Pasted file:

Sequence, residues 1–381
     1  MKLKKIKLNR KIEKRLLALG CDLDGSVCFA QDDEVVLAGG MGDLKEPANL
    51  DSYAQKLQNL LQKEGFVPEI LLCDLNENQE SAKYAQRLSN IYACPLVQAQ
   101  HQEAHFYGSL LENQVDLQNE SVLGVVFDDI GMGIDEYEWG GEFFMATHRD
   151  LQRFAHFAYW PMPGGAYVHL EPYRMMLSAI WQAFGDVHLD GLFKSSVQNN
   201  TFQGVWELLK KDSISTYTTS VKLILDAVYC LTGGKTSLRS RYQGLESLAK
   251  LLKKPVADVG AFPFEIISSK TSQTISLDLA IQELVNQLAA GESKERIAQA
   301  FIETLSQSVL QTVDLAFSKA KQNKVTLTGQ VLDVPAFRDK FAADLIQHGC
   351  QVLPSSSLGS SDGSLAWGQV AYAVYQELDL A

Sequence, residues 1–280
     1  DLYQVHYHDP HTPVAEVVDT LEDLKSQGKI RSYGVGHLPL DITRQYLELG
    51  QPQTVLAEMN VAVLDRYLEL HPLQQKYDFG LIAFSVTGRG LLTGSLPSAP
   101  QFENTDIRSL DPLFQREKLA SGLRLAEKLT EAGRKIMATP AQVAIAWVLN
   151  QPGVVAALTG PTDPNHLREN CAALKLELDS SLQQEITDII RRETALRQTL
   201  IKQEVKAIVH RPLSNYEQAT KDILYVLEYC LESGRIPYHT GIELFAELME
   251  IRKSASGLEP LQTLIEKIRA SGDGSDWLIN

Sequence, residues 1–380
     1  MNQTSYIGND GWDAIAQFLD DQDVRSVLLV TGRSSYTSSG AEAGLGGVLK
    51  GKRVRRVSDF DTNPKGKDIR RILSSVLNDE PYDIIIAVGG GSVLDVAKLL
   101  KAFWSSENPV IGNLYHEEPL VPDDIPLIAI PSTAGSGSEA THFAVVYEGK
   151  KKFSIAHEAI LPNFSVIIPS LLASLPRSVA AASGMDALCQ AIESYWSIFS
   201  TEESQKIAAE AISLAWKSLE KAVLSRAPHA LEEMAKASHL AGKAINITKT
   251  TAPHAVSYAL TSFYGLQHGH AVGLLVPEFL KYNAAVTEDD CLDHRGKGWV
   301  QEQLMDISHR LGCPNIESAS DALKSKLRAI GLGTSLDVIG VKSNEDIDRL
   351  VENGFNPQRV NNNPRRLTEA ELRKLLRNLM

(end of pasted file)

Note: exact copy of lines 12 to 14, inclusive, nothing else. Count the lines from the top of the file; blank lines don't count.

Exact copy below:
    51  QPQTVLAEMN VAVLDRYLEL HPLQQKYDFG LIAFSVTGRG LLTGSLPSAP
   101  QFENTDIRSL DPLFQREKLA SGLRLAEKLT EAGRKIMATP AQVAIAWVLN
   151  QPGVVAALTG PTDPNHLREN CAALKLELDS SLQQEITDII RRETALRQTL